Is It Safe to Take Prenatal Vitamins Without Pregnancy?

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When most people see a pregnant woman eating so much food, the first thing that comes out of their mouth is oh well, she’s eating for two. while a pregnant woman might not need more calories than she took while she was not pregnant, she needs more nutrients for both herself and her baby.

With the increase in nutritional needs of pregnant women, they seek ways to get all the essential vitamins and minerals, and that explains why prenatal vitamins are in high demand. Over the years prenatal vitamins have been connected with reducing the risk of pregnancy complications such as anaemia and neural tube defect.

With all the many benefits pregnant women can get from taking prenatal vitamins it is effortless to find people wondering if it’s OK to take them when you’re not expecting. However for the most part, if you’re not thinking about getting pregnant anytime soon, the bulk of your vitamins shouldn’t come from a prenatal vitamin but your daily food.

Let us take a look at the risks and benefits associated with taking prenatal vitamins.

What are prenatal vitamins?

Prenatal Vitamins

If you take a journey down the vitamin aisle of your local pharmacy, you will notice an assortment of different types of vitamins for different sexes and ages. Prenatal vitamins are created especially for women who are thinking about getting pregnant or who are already pregnant.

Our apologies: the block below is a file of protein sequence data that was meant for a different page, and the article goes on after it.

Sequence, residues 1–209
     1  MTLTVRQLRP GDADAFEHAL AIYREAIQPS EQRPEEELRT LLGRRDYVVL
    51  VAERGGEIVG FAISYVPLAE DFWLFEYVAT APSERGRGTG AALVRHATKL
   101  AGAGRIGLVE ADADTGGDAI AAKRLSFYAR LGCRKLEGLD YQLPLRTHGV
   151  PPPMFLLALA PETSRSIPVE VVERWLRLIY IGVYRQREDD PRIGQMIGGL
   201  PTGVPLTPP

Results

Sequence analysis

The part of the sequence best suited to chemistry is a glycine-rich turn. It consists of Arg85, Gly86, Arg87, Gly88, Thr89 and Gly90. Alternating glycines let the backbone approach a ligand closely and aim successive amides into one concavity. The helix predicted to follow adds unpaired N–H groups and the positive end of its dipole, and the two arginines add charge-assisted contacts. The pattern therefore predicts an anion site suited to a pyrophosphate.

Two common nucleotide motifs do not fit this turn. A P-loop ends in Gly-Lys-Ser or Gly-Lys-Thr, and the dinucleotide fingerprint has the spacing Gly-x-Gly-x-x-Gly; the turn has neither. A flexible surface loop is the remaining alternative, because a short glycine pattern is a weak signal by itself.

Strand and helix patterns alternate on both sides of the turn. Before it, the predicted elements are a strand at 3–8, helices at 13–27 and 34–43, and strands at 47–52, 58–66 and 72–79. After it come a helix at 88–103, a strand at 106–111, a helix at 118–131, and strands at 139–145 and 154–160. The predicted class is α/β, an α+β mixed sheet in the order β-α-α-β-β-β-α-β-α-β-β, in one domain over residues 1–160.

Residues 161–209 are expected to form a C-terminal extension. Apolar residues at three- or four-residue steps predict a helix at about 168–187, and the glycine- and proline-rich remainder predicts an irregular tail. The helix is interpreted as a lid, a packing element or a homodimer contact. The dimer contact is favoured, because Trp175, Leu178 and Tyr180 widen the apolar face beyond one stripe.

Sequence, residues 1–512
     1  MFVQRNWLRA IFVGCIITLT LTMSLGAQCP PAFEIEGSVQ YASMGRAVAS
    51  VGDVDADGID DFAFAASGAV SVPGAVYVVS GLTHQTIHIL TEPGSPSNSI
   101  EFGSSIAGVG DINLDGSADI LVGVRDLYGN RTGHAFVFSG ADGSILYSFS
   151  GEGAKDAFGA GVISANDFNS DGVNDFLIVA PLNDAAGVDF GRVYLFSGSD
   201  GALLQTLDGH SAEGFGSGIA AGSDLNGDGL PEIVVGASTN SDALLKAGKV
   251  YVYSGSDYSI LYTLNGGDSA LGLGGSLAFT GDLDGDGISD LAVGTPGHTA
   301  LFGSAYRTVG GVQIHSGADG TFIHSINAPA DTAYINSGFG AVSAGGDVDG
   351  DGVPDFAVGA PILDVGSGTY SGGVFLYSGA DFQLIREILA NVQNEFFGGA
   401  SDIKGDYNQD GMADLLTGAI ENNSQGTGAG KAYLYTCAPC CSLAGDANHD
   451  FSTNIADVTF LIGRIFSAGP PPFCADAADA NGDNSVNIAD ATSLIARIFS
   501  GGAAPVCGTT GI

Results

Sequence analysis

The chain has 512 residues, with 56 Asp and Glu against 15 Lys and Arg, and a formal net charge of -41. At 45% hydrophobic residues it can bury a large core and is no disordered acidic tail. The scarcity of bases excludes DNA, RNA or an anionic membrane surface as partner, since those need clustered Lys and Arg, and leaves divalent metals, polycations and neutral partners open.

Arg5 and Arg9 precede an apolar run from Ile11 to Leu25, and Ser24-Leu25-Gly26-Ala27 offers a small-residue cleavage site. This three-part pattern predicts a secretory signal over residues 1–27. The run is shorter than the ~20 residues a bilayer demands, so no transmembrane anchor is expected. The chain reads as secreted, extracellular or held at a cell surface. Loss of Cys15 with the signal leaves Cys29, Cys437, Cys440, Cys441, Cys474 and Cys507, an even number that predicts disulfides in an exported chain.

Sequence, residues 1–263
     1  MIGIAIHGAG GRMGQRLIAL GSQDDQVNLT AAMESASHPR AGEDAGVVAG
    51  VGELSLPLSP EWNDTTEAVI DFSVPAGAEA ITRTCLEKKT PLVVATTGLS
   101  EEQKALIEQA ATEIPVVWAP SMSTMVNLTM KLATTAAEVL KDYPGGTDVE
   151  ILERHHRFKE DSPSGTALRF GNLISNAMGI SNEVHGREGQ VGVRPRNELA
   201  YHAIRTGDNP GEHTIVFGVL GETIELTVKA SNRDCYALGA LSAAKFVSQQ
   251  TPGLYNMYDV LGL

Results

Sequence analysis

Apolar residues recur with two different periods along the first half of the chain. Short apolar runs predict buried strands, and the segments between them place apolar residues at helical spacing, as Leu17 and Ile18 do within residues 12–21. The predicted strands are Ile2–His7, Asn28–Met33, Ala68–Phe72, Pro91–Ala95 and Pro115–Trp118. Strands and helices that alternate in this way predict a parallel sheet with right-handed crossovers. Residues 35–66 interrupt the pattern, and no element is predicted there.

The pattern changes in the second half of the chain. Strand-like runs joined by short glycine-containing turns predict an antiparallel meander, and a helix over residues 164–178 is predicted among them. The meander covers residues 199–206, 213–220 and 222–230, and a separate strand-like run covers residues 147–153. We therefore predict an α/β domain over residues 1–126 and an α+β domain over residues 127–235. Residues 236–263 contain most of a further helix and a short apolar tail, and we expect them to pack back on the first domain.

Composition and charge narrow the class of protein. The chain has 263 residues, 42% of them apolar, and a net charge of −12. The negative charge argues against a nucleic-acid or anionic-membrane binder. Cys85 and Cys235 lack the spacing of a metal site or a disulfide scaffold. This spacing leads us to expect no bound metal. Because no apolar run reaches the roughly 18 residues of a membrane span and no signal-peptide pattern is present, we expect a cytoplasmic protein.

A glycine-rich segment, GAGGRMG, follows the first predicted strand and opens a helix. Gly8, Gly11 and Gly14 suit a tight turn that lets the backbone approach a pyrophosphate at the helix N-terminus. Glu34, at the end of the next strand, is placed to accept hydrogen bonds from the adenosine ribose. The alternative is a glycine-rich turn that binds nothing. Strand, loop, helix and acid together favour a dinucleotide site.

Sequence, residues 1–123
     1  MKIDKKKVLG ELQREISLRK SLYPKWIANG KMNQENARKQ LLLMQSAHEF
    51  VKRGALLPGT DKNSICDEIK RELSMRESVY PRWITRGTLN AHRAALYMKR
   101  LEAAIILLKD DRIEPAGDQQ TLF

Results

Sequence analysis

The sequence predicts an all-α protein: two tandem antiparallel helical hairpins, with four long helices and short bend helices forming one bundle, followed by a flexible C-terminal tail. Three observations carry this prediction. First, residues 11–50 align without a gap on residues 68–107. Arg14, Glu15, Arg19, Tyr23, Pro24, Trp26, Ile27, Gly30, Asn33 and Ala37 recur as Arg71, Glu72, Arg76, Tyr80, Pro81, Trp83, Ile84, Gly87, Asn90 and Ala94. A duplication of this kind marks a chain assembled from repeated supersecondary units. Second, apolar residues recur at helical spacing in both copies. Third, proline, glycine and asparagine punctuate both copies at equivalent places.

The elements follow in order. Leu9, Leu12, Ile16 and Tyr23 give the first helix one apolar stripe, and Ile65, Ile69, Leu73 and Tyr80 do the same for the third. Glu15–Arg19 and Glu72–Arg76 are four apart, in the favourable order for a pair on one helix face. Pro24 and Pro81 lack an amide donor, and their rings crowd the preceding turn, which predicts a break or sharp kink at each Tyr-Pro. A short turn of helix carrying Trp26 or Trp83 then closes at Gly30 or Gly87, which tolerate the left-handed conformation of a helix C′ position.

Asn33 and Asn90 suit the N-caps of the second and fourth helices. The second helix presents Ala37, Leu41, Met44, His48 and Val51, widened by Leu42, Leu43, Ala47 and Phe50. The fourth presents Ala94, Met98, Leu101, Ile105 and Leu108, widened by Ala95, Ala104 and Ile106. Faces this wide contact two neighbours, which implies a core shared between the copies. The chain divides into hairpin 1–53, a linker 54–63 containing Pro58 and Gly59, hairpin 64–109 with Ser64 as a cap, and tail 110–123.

The reason while prenatal vitamins were created is because of the idea that a pregnant woman requires more vitamins and minerals than a woman who isn’t expecting especially for the healthy development of the baby in her womb. Because expectant mothers do not take in the right amount of nutrients, in their daily diet prenatal vitamins are there to help bridge the gap.

It is vital that you bear in mind that prenatal vitamins are only in supplements for nutrients and not a replacement for a pregnant women’s healthy diet.

What is the difference between prenatal vitamins and traditional multivitamins?

There are different types of prenatal vitamins available in the market
While there is no particular formula used for the production of all the different types of prenatal vitamins, most prenatal vitamins usually contain three vital nutrients.

Calcium: according to reports from the mayo clinic adult women and pregnant women need a daily intake of exactly 1000 milligrams of calcium. Most of the time prenatal vitamins contain at least 200 or 300 mg of calcium which is not the total daily requirement for a woman. This means that it is only there to supplement the calcium a pregnant woman gets from her food. Calcium is vital for everyone because it keeps the bones strong so when a pregnant woman takes it, it not only helps to strengthen her bones and teeth it also helps the baby develop strong bones.

Folic acid: the sufficient intake of folic acid has been linked with reducing neural tube defects such as spina bifida. The American College of Obstetricians and Gynecologists have recommended that women trying to get pregnant and women who are currently expecting should take at least 600 mcg of folic acid daily from various sources. It is evident that getting such a quantity of folic acid from food alone will be difficult thus prenatal vitamins work to supplement the one derived from food.

Some foods that are rich in folic acid include asparagus beans leafy green vegetables and broccoli. Many fortified foods like bread, breakfast cereal, and pasta contain folate too.